Sugar: Unprocessing the Processed
In the previous piece, Sugar: The Sweetest Poison, I have introduced the notion of pinpointing sugar as the real dietary villain. Historically, dietary fat was vilified and thus carbohydrates became the main macronutrient (as per food pyramid gudelines) of dietary intake. When dietary fat was removed from food, it became tasteless and inedible. Sugar, namely High Fructose Corn Syrup due to its low cost and easy availability, became the number 1 additive to make processed food palatable and prolong shelf life.
Dr Ancel Key’s scientifically unsound theory of dietary fat causing heart disease was taken advantage by economic forces (the food industry) as well as political forces (US President Richard Nixon ordered his Secretary of State Earl Rusty Butz to secure cheap food during his term in office) to prevent political unrest and to remain in power. The impact of massive governmental subsidies for single crops (e.g.: corn, soy) are still being felt today. Crops such as corn and soy are harvested for their use in many industries such as industrial products including starch, sweeteners, corn oil, beverage and industrial alcohol, and fuel ethanol. One such example of a food additive sweetener is High Fructose Corn Syrup.
Ever wondered why a burger and soda at a fast food joint can be so cheap while a head of broccoli at the supermarket costs so much?
Factor in the time and effort in preparing that broccoli into an edible meal, it is little wonder most people would choose the cheaper, more convenient option.
Processed foods are those that typically come in a box or bag and contain more than one item on the list of ingredients. How did processed food get so cheap?
Processed food (packaged food with a printed expiry date) became cheap because of its processing. Most times during processing, fibre and fat get removed. The fibrous part of the food (usually the hull or husk) is the most nutritious, with the micronutrients and phytonutrients embedded with the fibre. Fibre also prevents rapid rises in blood sugar and insulin, making us satiated with one meal, preventing overeating.
Food manufacturers remove fat and fibre to prolong shelf life; turning it from perishable food items into commodities. Freeze it, store it, ship it all over the world.
Fat turns rancid rapidly, making it terrible as a commodity. Food manufacturers had to replace the fat (which makes food taste great by the way) with something else and sugar was chosen to make the food palatable again. Sugar is also a great preservative, prolonging shelf life to make it a commodity.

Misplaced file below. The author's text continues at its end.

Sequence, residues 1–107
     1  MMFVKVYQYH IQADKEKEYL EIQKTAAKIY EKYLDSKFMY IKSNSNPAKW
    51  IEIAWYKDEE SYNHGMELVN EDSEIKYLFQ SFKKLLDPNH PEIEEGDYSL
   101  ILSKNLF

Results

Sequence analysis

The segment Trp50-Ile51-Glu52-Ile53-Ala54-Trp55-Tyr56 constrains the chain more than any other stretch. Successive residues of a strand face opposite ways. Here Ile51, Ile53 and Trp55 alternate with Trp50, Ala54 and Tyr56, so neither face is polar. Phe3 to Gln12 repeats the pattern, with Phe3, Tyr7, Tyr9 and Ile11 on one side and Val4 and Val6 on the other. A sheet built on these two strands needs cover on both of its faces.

Thus, begins the story of how a low-fat diet leads to a high sugar diet. It was also around this time that the food industry began to advocate ideas with no scientific evidence such as “eat multiple small meals throughout the day to boost metabolism” to boost sales and increase profits. That idea by the way, makes as just about as much sense as “eat more to lose weight”, also another brilliant idea by the food industry. Food corporations, similar to other companies, only have their stakeholders and the profit margin as their bottom line.
You might be familiar with these 10 food conglomerates that own the world’s major food companies. Just 10. In the whole wide world. Talk about Big Food. This issue is further confounded by the fact that since 2010, one of them has entered the pharmaceutical industry as well. Which means that the company that makes food to get people sick, also makes the medicine to sell to the same people. Take a minute to reflect on this ever-perpetuating vicious cycle which seems to have only one winner. No prizes for guessing who it is.
Tips to survive the supermarket
The image above is from Dr Ken D. Berry’s blog “Medicine in Plain Words” and it highlights the sections of the supermarket (in green) where we should do most of our shopping while avoiding the red section. Avoidance of all the red sections will make the differentiation of real and processed food much simple to understand. Other tips include:
● If it has more than 5 ingredients, it is not real food.
● If you cannot pronounce the ingredients, it is not real food.
● The more health claims the food product makes, the less healthy it is. Consider this: does cauliflower or broccoli have “Heart Healthy” or made from “Healthy Whole Grains” or “No Added Sugar” labels on it? Exactly.
● Be cautious of the wolf in sheep’s clothing. Sugar has 56 names and is often masked as something else.
● Remember to keep to the “Outer Wall” of a supermarket.
Food in its traditional sense is something meant to be toiled over, our grandmothers used to spend half a day in the kitchen preparing a meal for us. If it’s convenient, it is not real food.
Build a relationship with real food by learning to cook (this city boy learnt how to do it, it really isn’t too difficult). You can too, and you should, and once you do, the food industry can’t hold you hostage anymore.
Rahmat Jasmani has 12 years of working experience in emergency clinical nursing with Tan Tock Seng Hospital, Singapore and currently teaches student nurses in training at the School of Health Sciences, Nanyang Polytechnic, Singapore.
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